In looking at the System Log on the router, I noticed messages appear in the form of “ADSL Media Down !“, having about 14 seconds of pauses in services before it attempts a PPPoE reconnect (which can take a few additional seconds too). In looking over the web for others having this problem, I couldn’t come to a solution – some only had this problem during the evenings and attributed it to their ISP doing strange stuff then, others had delved down the path of noise increasing in lines during nights, etc. – fun reading for sciences but no real solution. I did not suspect my ISP as I’d know if the line really had a gap in service long enough to cause a reconnect – and monitoring for that revealed no such fact.

I did do a firmware upgrade to the v2 version available on the Belkin website for the router after I had begun using it, and felt that was to blame but there had to be a workaround, some function that is incorrectly reinitialising the router and on a schedule at that.

I found the culprit in my case – the router had a “Reinitialise Automatically” function enabled in it, set to do so to maintain the router’s efficiency by clearing up the memory periodically and the period was set to a proper 3 AMs every Tuesday. Not taking its word for it, and finding about only the second such schedule based function configuration in the UI, I disabled it and BAM! problem solved. Haven’t had connection resets since. My city’s periodic power outages will take care of the router reboots instead, thank you.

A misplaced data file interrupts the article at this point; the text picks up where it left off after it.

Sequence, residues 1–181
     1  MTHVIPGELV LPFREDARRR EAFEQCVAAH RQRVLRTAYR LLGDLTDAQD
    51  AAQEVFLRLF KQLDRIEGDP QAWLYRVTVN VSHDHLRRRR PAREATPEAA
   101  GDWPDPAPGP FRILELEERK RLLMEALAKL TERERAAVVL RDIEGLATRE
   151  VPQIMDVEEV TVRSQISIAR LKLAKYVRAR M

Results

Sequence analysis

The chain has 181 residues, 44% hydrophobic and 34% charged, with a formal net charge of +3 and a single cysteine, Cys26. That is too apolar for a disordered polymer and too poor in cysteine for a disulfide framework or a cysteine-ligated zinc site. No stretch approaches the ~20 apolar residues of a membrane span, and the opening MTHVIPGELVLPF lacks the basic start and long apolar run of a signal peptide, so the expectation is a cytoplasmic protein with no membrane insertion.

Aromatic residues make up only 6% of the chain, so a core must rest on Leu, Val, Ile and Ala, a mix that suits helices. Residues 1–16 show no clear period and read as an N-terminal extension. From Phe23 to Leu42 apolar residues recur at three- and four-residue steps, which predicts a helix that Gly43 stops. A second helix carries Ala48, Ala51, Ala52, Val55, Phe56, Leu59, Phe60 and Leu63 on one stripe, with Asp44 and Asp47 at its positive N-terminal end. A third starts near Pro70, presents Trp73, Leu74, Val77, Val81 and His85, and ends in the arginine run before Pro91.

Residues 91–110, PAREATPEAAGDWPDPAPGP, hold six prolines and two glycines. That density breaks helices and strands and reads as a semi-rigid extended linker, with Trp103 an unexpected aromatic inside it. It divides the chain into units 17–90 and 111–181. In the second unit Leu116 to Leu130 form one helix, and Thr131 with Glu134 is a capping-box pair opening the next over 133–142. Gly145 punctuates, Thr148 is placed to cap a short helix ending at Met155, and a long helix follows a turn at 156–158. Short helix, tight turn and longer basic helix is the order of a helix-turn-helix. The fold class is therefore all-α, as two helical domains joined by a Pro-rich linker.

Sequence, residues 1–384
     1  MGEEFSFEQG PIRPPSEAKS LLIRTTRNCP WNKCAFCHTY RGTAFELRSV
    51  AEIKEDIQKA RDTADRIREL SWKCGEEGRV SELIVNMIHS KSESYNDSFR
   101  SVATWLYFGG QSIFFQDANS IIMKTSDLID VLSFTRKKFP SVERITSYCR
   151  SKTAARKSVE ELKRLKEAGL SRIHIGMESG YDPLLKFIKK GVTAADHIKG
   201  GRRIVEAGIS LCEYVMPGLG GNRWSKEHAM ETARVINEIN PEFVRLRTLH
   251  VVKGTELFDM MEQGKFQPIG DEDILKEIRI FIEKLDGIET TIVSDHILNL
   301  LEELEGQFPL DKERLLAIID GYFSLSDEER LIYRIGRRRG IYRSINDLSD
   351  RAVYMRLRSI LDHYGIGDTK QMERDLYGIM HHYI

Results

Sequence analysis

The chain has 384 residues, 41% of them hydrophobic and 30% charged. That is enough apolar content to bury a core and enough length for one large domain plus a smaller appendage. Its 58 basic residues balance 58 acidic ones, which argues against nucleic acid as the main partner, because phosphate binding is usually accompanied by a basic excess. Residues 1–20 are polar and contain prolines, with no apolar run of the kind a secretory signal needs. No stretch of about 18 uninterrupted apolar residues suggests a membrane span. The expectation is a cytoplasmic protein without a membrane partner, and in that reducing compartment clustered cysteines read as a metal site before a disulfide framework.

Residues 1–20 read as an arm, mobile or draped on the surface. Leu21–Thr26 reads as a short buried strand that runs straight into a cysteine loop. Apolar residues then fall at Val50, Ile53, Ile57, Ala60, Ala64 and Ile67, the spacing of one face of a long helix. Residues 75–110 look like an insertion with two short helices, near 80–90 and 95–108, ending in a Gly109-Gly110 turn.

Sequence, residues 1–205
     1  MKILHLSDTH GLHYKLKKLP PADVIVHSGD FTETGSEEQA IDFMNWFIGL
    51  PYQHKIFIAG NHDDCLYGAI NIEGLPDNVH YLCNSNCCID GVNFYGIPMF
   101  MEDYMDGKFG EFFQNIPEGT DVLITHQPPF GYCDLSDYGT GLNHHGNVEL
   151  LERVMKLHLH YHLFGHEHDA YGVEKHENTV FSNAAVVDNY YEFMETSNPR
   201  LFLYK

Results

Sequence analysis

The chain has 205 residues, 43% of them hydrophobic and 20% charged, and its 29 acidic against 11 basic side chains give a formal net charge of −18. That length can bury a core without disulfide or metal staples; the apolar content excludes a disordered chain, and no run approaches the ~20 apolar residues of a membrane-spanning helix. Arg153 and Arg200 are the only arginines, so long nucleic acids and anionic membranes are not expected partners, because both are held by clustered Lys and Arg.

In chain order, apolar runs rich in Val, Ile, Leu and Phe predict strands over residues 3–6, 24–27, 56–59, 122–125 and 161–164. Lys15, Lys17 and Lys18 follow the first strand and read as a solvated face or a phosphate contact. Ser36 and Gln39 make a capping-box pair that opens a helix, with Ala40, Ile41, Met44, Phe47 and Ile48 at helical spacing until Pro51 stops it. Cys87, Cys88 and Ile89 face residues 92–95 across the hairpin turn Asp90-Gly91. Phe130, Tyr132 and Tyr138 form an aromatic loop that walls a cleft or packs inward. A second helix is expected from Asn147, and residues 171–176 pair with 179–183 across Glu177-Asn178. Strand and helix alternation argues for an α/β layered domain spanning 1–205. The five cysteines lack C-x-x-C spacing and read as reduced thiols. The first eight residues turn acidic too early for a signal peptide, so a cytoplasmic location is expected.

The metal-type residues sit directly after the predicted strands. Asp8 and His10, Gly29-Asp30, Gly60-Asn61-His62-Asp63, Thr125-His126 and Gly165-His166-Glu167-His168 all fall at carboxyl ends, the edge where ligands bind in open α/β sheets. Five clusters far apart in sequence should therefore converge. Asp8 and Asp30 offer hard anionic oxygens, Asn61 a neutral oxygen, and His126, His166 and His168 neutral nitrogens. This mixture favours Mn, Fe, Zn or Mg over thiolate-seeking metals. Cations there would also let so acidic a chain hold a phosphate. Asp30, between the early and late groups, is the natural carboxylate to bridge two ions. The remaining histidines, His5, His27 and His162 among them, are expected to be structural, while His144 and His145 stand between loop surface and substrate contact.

Erlang: Using the timer:tc function in escripts

Both escripts and timer:tc features of Erlang are very useful for writing simple test code to profile functions.

There is one tiny issue with using timer:tc/1 or timer:tc/2 from within escripts though: they will not work in the interpreted execution mode.

For example, you may have an escript such as below:

#!/usr/bin/env escript
-module(test).

-export([generate_list/1]).

generate_list(N) ->
  lists:seq(1, N).

main(_) ->
  io:format("time: ~p~n", [timer:tc(generate_list, [1000])]).

Running this with “escript test.erl” would yield an error:

escript: exception error: undefined function test:generate_list/1
  in function  timer:tc/2 (timer.erl, line 179)

The issue is that the default escript mode is “interpreted” and not “compiled”. This leads to it not finding the function at all.

To fix the execution, one has to add the “-mode(compile).” line to the script, and also use the timer:tc/3 form of execution instead of the timer:tc/1 or timer:tc/2.

A fixed script of the above example would thus be:

#!/usr/bin/env escript
-mode(compile).

-module(test).

-export([generate_list/1]).

generate_list(N) ->
  lists:seq(1, N).

main(_) ->
  io:format("time: ~p~n", [timer:tc(?MODULE, generate_list, [1000])]).

I think the same should hold for apply calls too, or any function that uses the Module-Function-Arguments style of dynamic calls.